Twhirl goes into a user feedback cocoon and is reborn as Seesmic Desktop

I’m here at headquarters of San Francisco video blogging company Seesmic for the launch of Seesmic Desktop, the next step in the company’s product offering.

The product is a revaming of the popular Twhirl, which was one of the first third-party Twitter clients, and which Seesmic purchased last year and has continued development on. Twhirl is another one of those services that makes it easier to tweet, for example letting you shorten URLs in your messages. The new client, Seesmic Desktop, is a complete re-write of Twhirl.

Seesmic asked for feedback from its growing community for what it wanted to see in Twhirl. One of the most common requests included allowing all the different services Twhirl supports (it now supports more than just Twitter) to exist in one window. Another was adding support for grouping users together. Another another was adding column support — something which has been very popular in the Twhirl competitor, TweetDeck. All of these are included (or will be included) in Seesmic Desktop.

So now, TweetDeck and Seesmic Desktop are going head to head as the stand-alone Twitter clients that support other services on the side.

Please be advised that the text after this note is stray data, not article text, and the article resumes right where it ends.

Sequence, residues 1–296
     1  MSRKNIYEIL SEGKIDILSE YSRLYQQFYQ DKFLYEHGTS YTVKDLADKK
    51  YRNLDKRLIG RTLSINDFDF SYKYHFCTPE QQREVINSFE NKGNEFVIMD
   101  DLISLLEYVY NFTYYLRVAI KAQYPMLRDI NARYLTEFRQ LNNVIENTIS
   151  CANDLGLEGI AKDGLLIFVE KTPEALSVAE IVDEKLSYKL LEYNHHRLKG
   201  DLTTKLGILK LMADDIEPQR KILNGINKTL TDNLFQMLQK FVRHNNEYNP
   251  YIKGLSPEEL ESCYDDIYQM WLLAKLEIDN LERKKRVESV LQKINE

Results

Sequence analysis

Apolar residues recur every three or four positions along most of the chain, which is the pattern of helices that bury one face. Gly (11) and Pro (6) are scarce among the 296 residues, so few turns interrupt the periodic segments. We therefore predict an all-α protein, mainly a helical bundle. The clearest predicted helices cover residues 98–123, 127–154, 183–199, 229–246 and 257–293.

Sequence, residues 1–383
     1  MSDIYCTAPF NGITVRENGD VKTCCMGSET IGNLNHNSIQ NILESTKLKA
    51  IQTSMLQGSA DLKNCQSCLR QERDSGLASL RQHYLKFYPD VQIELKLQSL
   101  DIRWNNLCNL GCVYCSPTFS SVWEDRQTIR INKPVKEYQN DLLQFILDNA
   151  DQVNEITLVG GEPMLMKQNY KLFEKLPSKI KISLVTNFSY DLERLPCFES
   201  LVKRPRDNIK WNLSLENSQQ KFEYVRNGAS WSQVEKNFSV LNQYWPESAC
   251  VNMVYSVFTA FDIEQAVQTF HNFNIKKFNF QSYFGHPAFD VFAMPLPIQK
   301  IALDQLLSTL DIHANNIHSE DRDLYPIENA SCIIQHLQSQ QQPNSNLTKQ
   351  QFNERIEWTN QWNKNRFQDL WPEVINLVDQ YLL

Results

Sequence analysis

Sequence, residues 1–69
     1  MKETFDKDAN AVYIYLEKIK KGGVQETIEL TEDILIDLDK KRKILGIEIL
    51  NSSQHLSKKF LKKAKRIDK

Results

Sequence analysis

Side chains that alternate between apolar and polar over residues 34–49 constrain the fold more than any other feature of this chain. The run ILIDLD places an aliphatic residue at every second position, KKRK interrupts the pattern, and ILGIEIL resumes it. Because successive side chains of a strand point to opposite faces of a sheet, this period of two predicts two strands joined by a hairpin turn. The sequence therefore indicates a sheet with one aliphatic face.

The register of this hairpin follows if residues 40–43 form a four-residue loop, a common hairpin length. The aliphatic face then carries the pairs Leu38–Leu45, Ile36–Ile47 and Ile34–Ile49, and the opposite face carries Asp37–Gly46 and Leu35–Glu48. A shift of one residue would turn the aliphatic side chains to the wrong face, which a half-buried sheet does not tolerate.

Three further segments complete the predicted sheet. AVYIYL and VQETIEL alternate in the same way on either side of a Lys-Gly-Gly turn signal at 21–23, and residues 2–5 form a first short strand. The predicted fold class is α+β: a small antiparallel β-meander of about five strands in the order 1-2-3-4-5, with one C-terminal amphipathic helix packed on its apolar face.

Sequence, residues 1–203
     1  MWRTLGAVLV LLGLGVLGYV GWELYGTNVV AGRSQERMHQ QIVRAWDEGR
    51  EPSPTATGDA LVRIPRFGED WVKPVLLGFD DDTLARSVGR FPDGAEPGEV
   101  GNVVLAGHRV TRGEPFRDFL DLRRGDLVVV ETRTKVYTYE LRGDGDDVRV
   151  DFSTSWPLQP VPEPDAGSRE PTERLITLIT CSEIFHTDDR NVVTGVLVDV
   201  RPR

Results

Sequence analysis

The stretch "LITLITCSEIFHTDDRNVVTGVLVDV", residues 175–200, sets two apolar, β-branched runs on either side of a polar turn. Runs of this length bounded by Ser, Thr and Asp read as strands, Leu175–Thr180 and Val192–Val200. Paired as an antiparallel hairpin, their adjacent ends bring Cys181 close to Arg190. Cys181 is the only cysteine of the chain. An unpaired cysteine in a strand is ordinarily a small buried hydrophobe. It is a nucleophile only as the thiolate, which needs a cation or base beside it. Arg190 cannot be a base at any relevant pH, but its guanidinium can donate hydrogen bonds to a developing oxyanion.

It’s important to note that Seesmic Desktop doesn’t support anything beyond Twitter yet, though. This early preview build of the software is meant to focus on making itself the best stand-alone Twitter client with all the requested features, but soon it will add support for Seesmic video comments (of course) as well as Facebook support, and other unnamed services, Seesmic founder Loic Le Meur says.

Interestingly, Twhirl has supported FriendFeed, but that isn’t being included in Seesmic Desktop (at least not right now). It seems to me that this new product is a bit like FriendFeed in that it uses filter-like lists for aggregating data. But also, Seesmic Desktop clearly wants to provide a unified way to communicate with various services, eventually.

Also interesting is that when a person in the audience asked if Seesmic would continue to support Twhirl as a separate product, LeMeur clearly didn’t want to come out and say it, but it would seem that Seesmic Desktop will be the area of focus going forward. He noted that Twhirl is hard to say, hard to spell and that it doesn’t own the “.com” domain for it.

Just like Twhirl, Seesmic Desktop runs on Adobe Air as a stand-alone desktop client.


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